We offer both the 65+ (Senior Dose - FLUAD) and 3-64 Year Old (Standard Dose - FLUCELVAX).

SCHEDULE A FLU VACCINE APPOINTMENT

Dr. Mak will be dressed up in costume to give vaccines! (Sorry Adults, Kids Only)

SKIP THE FLU WITH SUPERMAN

Who Should Get a Flu Shot?

Flu peak season is typically between October and May.  Most people start getting their vaccines in September. The CDC recommends that everyone 6 months and older* receive a flu vaccination. SKIPPACK PHARMACY will be administering flu vaccines to those 3+ and will have both regular dose (3-64 Year Old FLUCELVAX) & senior dose (65+ FLUAD) flu vaccines available.  The flu can cause serious health complications for infants, older adults, those with weakened immune systems, those with cardiac and/or pulmonary disease, and pregnant women.

Why get a Flu Shot?

The Centers for Disease Control and Prevention (CDC) highly recommends getting your flu shot this fall to reduce your risk from serious illnesses from flu, including hospitalization.

There are many reasons to get an influenza (flu) vaccine each year. Flu vaccination is the best way to protect yourself and your loved ones against flu and its potentially serious complications.

  • During seasons when flu vaccine viruses are similar to circulating flu viruses, flu vaccine has been shown to reduce the risk of having to go to the doctor with flu by 40 percent to 60 percent.
  • Flu vaccination has been shown in several studies to reduce severity of illness in people who get vaccinated but still get sick.
  • Flu vaccination prevents tens of thousands of hospitalizations each year. For example, during 2019-2020 flu vaccination prevented an estimated 105,000 flu-related hospitalizations.
  • Flu vaccination is an important preventive tool for people with certain chronic health conditions.
  • Vaccination reduces the risk of flu-associated acute respiratory infection in pregnant people by about one-half.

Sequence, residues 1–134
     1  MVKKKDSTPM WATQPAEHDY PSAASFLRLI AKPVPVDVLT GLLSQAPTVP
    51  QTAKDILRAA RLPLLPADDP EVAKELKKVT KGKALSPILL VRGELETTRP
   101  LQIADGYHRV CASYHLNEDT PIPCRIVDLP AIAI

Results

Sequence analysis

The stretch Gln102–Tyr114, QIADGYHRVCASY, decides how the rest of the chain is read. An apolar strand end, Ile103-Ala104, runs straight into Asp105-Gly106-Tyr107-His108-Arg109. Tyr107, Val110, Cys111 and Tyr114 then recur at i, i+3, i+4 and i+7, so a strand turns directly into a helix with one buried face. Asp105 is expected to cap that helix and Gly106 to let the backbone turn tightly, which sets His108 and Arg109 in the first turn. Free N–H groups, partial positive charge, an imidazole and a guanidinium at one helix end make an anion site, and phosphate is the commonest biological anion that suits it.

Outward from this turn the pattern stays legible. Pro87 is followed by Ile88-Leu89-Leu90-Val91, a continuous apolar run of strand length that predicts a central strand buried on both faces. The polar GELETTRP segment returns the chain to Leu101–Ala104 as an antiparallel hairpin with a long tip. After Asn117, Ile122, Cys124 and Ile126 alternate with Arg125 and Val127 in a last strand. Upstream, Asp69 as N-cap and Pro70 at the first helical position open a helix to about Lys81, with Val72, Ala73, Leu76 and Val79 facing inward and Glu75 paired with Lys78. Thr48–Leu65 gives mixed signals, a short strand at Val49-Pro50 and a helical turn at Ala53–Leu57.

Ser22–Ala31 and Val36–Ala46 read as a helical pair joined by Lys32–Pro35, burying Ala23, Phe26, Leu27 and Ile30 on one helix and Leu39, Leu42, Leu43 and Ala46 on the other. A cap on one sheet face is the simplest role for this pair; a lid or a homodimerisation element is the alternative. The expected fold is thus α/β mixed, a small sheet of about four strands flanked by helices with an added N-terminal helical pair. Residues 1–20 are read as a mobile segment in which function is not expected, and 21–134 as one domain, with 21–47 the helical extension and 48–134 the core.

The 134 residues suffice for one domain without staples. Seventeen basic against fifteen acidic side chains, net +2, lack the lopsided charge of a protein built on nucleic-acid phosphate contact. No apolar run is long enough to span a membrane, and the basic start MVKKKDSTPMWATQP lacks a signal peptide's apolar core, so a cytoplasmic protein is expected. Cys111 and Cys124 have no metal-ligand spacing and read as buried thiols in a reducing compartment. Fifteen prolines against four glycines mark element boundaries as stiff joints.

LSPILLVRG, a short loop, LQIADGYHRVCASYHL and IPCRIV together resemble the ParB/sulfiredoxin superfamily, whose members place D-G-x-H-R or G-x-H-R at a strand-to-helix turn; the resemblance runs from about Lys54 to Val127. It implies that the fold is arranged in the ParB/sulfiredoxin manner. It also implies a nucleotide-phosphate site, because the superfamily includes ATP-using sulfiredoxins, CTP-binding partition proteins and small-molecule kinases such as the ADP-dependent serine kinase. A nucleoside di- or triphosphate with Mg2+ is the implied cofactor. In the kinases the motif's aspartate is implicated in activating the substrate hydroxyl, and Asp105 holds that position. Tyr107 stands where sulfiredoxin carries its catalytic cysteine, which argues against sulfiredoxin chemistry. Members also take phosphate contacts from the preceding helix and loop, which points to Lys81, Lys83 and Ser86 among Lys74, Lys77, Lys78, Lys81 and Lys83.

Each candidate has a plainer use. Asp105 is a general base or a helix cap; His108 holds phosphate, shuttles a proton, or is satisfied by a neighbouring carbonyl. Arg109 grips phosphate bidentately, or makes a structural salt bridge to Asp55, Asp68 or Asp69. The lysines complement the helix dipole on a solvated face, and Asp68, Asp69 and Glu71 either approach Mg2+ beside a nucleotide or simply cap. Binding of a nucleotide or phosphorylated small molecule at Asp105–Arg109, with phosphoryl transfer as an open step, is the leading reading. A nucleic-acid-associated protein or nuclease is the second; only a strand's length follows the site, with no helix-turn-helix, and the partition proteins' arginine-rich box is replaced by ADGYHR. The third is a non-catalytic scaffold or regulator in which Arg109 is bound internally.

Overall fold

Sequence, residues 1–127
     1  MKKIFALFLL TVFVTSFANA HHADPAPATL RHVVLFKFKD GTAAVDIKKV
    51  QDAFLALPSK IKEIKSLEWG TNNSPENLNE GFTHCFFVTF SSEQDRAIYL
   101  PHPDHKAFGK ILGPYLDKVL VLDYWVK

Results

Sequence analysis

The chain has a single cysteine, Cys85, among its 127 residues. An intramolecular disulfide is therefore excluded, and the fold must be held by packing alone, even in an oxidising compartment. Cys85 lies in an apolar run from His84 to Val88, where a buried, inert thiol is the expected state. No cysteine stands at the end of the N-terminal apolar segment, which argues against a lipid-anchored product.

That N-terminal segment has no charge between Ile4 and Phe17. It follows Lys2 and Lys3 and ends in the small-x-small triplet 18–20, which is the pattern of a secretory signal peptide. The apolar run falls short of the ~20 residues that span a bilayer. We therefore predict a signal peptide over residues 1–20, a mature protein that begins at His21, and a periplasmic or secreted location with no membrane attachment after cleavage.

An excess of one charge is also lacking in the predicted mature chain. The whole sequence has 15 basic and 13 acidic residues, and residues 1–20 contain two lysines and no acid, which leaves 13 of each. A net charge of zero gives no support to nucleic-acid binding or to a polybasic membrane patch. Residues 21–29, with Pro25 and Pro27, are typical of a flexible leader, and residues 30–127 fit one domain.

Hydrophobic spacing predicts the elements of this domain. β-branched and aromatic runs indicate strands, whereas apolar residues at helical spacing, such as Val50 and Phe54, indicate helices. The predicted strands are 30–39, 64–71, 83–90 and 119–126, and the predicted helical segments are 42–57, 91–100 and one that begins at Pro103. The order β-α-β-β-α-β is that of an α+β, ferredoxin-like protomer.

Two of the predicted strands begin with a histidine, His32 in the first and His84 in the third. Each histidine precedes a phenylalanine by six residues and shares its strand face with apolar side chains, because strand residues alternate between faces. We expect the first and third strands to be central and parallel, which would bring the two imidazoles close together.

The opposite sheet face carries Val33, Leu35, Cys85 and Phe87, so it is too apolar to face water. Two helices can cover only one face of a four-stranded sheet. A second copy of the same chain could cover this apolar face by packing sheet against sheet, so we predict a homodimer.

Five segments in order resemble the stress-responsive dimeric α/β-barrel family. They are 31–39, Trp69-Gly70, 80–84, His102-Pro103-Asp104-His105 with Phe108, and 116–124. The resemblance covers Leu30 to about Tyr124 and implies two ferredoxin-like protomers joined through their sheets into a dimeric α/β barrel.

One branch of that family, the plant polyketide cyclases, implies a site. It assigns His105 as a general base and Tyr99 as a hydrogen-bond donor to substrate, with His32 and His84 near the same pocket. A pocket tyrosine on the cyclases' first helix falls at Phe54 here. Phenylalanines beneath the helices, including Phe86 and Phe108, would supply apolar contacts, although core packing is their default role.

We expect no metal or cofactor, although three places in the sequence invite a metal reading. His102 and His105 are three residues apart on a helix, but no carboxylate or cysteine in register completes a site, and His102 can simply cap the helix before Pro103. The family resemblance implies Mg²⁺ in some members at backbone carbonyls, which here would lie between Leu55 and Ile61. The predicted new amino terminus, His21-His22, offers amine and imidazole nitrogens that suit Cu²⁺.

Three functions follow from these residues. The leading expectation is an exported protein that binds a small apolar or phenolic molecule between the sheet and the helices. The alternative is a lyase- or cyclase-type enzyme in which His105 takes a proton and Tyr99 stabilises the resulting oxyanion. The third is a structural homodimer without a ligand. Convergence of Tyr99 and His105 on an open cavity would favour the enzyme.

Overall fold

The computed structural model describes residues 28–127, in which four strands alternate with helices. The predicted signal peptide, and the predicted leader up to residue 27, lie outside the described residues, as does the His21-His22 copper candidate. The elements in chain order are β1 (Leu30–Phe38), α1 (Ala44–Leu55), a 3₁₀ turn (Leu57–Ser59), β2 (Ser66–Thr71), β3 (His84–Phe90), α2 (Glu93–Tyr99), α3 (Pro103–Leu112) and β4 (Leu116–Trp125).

• Flu vaccine can be lifesaving in children.
  • Getting vaccinated yourself may also protect people around you, including those who are more vulnerable to serious flu illness, like babies and young children, older people, and people with certain chronic health conditions.

What are the Symptoms of the Flu?

Common symptoms include: muscle aches, fever with chills, sore throat, cough, fatigue, headache, runny or stuffy nose. Additional symptoms may include burning sensation in the chest, and eye pain, sensitivity to light, nausea, vomiting, and/or diarrhea.  Someone who may have flu may present with one or more of the above symptoms or none at all but the best way to protect yourself is by getting the flu vaccine.

Since many of the symptoms of the flu overlap the symptoms of COVID-19, it is best to receive both vaccines.

How Does the Flu Spread?

The flu is spread through small particles (called droplets) in the air from the respiratory tract of an infected person. This can be done through talking, sneezing, or coughing.  Flu can also be spread through indirect contact by touching contaminated surfaces and touching your eyes, nose, or mouth.

When is a Person Considered Contagious?

Persons can be contagious up to 1 day before symptoms begin and up to 7 days after symptoms become present. The average person becomes symptomatic 2 days following exposure.

What are Some of the Possible Complications of the Flu?

The most commonly reported complications include bacterial pneumonia, sinus and ear infections, worsening of underlying health conditions, hospitalization and death. Myocarditis (inflammation of the heart), encephalitis (inflammation of the brain), and myositis (inflammation of the brain) have also been reported.

Who Should Not Get the Flu Vaccine?

Children younger than 6 months of age are too young to get a flu shot. People with severe, life-threatening allergies to any ingredient in a flu vaccine (other than egg proteins).

If you have a history of GBS (Guillain-Barre Syndrome) or had a severe allergic reaction to a previous dose of influenza vaccine, please consult your healthcare provider prior to getting the vaccine.

If you are actively sick and have a fever or test positive for COVID-19 or the flu, you should hold off on receiving the vaccine until you asymptomatic and test negative for COVID-19.

Can I Get the Flu & COVID-19 Vaccine at the Same Time?

Yes, you can receive the flu and COVID-19 vaccination during the same visit. CDC has confirmed the safety of administering both vaccines for adults and children 5 and up at the same visit, but at different injection sites.